The route south to Miller Road is impassable, but as the right of way passes across the road and in back of the Police Station, it is clearly defined (although local residents have preempted it for gardens and a swimming pool). At Franklin Turnpike it can be followed on the south side of the apartment buildings, and then it is lost entirely as it begins to parallel the railroad. The last trolley left Suffern on December 31, 1929. It is to be expected that 55 years of urban development would tend to wipe out all signs of the trolley right of way, but only in Mahwah and Ridgewood is this so frustratingly apparent. In towns further south, it has become a bike-path as in Ramsey, and a pleasant walking path as in Waldwick, Hohokus and Allendale.
We put up historical markers for old houses and vanished grist mills. It might be a reasonable move to mark a section of the old trolley route while there is still some of it left in Mahwah.
This article, by John Y. Dater, was first published in “The Old Station Timetable” in March 1983.
In 1848 the NJ Legislature created Hohokus Township which included Mahwah, Ramsey, Allendale, Waldwick and Hohokus. The town committee met in Ramsey in a wing of an old hotel on Main St. People came here to vote also. Hence the roads that came through these towns had a common interest.
Such a road was the Franklin Turnpike which ran through Ramsey to Hohokus. It was the main road to New York City by way of Glen Ave. from the turnpike on Paramus Road, through Hackensack and over the meadows on the Plank Road to Jersey City and thence by ferry to New York.
In Ramsey, the Turnpike stopped at Arch St. which connected with the Island Road. This road was the main road through Ramsey and Mahwah and thence through the Clove to Orange County, NY. Before the railroad, transportation was by this route. In 1797 Dobbins and Tuston were given a franchise to run from Goshen, NY to New York City, by the route as aforementioned.
The Paterson & Ramapo R.R. came through in 1848. At first it stopped at the state line in Mahwah and people took a horse and wagon to the Suffern station of the Erie R.R. In 1850 the Erie tied in and you could go to Jersey City by train. Stations were at Ramsey, Hohokus, Glen Rock, Paterson and Passaic.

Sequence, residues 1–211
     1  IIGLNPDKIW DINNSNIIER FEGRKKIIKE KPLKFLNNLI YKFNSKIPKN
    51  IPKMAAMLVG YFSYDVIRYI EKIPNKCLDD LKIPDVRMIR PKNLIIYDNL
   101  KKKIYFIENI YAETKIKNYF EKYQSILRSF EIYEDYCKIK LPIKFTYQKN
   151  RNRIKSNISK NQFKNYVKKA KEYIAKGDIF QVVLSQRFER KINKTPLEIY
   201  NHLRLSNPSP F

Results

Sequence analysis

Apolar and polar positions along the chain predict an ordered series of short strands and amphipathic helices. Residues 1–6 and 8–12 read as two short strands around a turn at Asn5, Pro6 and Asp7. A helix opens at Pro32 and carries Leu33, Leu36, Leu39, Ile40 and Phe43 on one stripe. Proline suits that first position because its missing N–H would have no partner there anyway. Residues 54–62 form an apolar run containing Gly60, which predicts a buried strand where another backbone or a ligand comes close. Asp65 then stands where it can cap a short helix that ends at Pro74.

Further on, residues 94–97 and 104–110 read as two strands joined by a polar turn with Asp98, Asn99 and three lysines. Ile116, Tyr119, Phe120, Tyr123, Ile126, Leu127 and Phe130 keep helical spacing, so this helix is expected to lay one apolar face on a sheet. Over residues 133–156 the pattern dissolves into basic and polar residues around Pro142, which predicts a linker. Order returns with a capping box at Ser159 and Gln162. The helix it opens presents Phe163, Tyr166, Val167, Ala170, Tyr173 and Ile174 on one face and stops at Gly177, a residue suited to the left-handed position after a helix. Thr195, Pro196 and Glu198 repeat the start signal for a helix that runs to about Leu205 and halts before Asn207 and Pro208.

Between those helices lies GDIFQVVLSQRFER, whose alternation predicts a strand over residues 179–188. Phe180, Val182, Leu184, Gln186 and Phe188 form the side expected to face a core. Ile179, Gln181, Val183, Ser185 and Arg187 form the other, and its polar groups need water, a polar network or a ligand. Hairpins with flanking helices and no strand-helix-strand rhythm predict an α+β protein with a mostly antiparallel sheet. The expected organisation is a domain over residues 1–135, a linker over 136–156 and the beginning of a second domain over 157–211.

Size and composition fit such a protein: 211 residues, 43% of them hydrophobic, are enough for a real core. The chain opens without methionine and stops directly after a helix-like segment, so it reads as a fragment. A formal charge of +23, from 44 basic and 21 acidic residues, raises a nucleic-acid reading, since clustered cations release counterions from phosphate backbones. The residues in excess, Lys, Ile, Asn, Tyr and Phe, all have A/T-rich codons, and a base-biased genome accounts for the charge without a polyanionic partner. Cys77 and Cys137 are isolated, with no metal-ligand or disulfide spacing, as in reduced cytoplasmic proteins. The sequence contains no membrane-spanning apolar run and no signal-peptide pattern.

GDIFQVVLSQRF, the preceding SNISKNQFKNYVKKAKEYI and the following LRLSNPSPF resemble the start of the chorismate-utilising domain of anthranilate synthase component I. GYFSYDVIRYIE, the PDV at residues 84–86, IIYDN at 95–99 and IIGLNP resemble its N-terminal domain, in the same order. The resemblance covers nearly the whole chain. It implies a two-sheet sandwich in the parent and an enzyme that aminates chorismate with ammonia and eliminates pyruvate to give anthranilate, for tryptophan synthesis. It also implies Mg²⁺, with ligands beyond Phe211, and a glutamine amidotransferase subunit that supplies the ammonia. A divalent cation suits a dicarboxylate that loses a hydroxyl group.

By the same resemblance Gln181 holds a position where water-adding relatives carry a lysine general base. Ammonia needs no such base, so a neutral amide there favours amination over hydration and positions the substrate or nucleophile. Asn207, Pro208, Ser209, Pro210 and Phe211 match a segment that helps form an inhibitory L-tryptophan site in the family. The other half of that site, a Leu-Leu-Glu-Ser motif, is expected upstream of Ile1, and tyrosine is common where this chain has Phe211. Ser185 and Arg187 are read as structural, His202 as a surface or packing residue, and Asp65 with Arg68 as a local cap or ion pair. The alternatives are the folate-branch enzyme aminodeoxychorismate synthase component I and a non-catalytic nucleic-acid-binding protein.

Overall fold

In the old days most of the roads ran north and south. Ramsey became a railroad station because there was an east-west road there from Saddle River west to Wyckoff. All good farm country. In the season a trainload of strawberries went to the city from Ramsey.
A very important north-south road was the Ramapo Valley Road, now Rte. 202. Originally an Indian trail it has seen many route changes. On the 1781 French map it is east of the river. At one time there was a road along the mountains. I remember walking with a friend along this and he picked up two copper, 18th Century English pennies.
This section ran from Yaw-pough (now Oakland) north to Suffern just beyond the railroad to Washington Ave., also connected with Island Rd. and thus went up through Suffern, through the Clove and upstate NY. At Suffern, there was a road which wandered east to the Hudson River and which was very important in Revolutionary days.
The old roads were gravel covered and it was not until the late 19th Century that crushed stone became the surface. This was called “macadam” and the Turnpike was the first in this part of the state. There was natural crushed stone where the Valley Road ran along Campgaw Mt. Theodore Havemeyer bought a stone crusher when he improved the Valley Rd. from Darlington Ave. north to W. Ramapo Ave. in Mahwah. About this time, there was a stone crushing business northeast of Suffern. The old steel wagon tires helped keep the gravel roads in shape. The towns also had team-drawn road scrapers which kept the roads in shape especially after the thaw at the end of the winter.